Nearly 800 aid workers were killed in the past decade. Already in 2012, four aid workers have lost their lives. Kidnappings have also been on the rise, just last week a successful rescue took place to save an American citizen and her colleague, both staff for the Danish Refugee Council, who had been held captive in Somalia since last October. While violence against those providing humanitarian assistance around the world is nothing new, in recent years it has reached unprecedented levels, peaking in 2008 with 127 deaths. Aid workers have always had to accept risk while working in politically sensitive areas, but the dangers they face have increasingly been compounded by U.S. counterterrorism measures.

One such measure, the Partner Vetting System (PVS) is exemplary of a counterterrorism policy that increases the risk of danger for aid workers without decreasing or preventing terrorism. The PVS, which has not yet been fully implemented, would require any nongovernmental organization (NGO) that accepts funding from the State Department (State) or the United States Agency for International Development (USAID) to collect information on their foreign employees and partners and turn it over to the U.S. government. This information would then be screened against secret terrorist databases.


While on its surface the PVS may seem like a common-sense approach, it ignores the work that NGOs already conduct to ensure that funds are not diverted to terrorists. In fact, the government has failed to show even one example of the diversion of USAID funds to terrorists. The program’s requirements are also very burdensome, and require extra staff time and money, which will discourage smaller groups from requesting grants. But, most troublingly, the program turns NGOs into information collectors on behalf of the U.S. government—an action that threatens the impartiality of humanitarian groups, and puts their workers at huge risk.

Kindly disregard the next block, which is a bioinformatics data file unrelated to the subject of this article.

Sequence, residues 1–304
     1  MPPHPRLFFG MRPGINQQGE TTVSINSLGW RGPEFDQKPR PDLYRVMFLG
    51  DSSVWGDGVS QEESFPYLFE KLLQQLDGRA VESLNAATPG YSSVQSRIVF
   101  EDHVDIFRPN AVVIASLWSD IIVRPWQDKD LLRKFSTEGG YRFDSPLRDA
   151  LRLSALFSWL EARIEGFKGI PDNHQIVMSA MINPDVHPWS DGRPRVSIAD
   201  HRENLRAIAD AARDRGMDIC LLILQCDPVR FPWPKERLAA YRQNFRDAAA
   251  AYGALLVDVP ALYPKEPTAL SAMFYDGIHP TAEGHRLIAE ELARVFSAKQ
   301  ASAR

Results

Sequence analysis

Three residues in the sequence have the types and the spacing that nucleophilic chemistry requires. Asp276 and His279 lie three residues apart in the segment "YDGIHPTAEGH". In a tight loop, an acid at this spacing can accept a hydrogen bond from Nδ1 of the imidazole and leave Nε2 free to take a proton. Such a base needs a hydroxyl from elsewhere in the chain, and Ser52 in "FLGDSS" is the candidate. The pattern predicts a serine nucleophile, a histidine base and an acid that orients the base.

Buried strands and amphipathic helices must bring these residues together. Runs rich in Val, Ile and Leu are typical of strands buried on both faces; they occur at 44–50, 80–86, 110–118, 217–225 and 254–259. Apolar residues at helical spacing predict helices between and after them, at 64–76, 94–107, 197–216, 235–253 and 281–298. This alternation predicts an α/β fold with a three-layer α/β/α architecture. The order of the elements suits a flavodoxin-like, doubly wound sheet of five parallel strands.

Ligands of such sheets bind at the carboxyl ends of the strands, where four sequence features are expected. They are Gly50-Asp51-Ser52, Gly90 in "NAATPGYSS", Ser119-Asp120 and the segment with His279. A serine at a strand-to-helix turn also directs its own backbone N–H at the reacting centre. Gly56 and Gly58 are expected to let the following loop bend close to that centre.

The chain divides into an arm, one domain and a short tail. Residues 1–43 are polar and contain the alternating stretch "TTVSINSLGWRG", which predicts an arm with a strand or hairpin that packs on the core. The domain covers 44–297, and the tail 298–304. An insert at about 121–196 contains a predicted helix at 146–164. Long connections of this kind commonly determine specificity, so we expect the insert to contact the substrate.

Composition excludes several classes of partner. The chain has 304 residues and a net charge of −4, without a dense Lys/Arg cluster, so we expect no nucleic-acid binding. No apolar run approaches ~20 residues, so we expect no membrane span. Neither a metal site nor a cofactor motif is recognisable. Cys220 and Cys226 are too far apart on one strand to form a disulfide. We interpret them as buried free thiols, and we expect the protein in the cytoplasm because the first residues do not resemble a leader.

Many NGOs have made this fear clear to State and USAID. In comments sent to State, urging for the PVS plan to be reworked, several groups outlined the dangers the program would create. InterAction, an alliance of U.S. humanitarian NGOs, warned that:

“The perception…that NGOs collecting personal information are operating as extensions of U.S. law enforcement and intelligence agencies, undermines the basic principles of acceptance, neutrality and trust upon which NGOs rely to preserve the safety of their staff and operations, particularly in dangerous regions or in politically sensitive environments.” [Full Comments Here]

State responded to the comment, saying that there would be no guarantee that the PVS would not engender hostility towards NGOs and that they could not “control the perceptions of other parties about U.S. government activities.” This is false, however, as State can help mitigate hostility toward NGOs by reworking the PVS. Even other branches of the government have realized the vital importance of preventing the perception that NGOs are tied to the U.S. government.  A Department of Defense handbook for military cooperation notes that, “the perception that NGOs are affiliated with military personnel…can have adverse security implications for the civilian humanitarian agency staff and beneficiaries” and offers several models for interacting with NGOs to persevere their autonomy and impartiality.


In 2008, it was estimated that there were nearly 600,000 aid workers across the world. Many work in dangerous countries, such as Somalia, Afghanistan and Sudan. They provide food, shelter and assistance to those faced with starvation, civil war and terrorism. The job they have is already dangerous, and the perception that they are intelligence gatherers for the U.S. government only increases the danger. It is the duty of the U.S. government to work with humanitarian groups to develop alternatives to the proposed PVS program so it will respect impartiality and autonomy.